In a new draft guidance, the Food and Drug Administration (FDA) announced that they have ordered Bayer to conduct follow-up studies for their permanent form of birth control, Essure. In addition, the FDA will require a boxed warning explaining the adverse events associated with the device and a “patient decision checklist” to help with informed decision-making.
Essure was first approved in 2002. The procedure involves the insertion of flexible coils through the cervix and vagina into the fallopian tubes. Over a period of about three months, scar tissue forms around the inserts and creates a barrier that keeps sperm from reaching the eggs, thus preventing conception.
While the FDA believes Essure to be an appropriate option for the majority of women, they reiterated how some may be at risk for serious complications, including persistent pain, perforation of the uterus or fallopian tubes, abnormal bleeding, allergy or hypersensitivity reactions. The draft guidance issued today by the FDA regarding permanent hysteroscopically-placed sterilization devices aims to increase patient and physician understanding of the potential risks associated with this type of device.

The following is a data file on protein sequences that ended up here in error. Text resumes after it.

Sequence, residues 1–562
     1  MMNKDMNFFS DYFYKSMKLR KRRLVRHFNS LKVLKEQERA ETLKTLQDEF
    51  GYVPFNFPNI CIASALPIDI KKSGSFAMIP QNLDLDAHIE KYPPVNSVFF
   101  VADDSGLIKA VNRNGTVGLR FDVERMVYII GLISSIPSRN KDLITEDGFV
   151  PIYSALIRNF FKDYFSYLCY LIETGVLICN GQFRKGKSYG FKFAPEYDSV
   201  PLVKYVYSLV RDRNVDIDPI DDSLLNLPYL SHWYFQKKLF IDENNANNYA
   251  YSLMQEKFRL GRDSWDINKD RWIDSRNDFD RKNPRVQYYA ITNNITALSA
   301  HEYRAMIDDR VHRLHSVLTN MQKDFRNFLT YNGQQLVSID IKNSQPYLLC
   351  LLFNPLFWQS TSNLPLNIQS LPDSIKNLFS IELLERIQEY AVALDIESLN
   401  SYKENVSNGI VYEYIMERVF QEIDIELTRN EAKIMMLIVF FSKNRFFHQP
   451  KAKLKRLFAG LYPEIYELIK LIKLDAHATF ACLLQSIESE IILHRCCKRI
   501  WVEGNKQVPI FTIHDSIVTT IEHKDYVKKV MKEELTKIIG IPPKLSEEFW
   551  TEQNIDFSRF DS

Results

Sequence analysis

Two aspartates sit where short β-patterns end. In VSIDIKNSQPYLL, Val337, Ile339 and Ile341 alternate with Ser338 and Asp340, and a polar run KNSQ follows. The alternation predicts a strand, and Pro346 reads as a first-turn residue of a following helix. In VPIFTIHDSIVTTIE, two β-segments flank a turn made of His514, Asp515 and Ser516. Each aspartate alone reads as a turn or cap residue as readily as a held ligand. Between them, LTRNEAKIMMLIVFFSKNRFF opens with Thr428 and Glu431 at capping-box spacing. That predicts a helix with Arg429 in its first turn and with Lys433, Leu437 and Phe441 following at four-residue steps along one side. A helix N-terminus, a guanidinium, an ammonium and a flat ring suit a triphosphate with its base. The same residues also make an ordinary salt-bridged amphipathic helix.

The draft guidance also includes a “patient decision checklist” for use by doctors when discussing the risks associated with Essure treatment. It is recommended that the checklist be completed and signed by the patient and physician prior to proceeding with the Essure procedure, or any permanent hysteroscopic sterilization procedure.
The FDA has also ordered Bayer to conduct a post-market study investigating risks tied to Essure and how they compare with laparoscopic tubal ligation. Metrics will include rates of complications such as unplanned pregnancy, pelvic pain, among other symptoms, and surgery to remove the Essure device.
The FDA is seeking comment from the public, industry, and other stakeholders on this draft guidance. The docket will be open for 60 days.
For more information visit FDA.gov.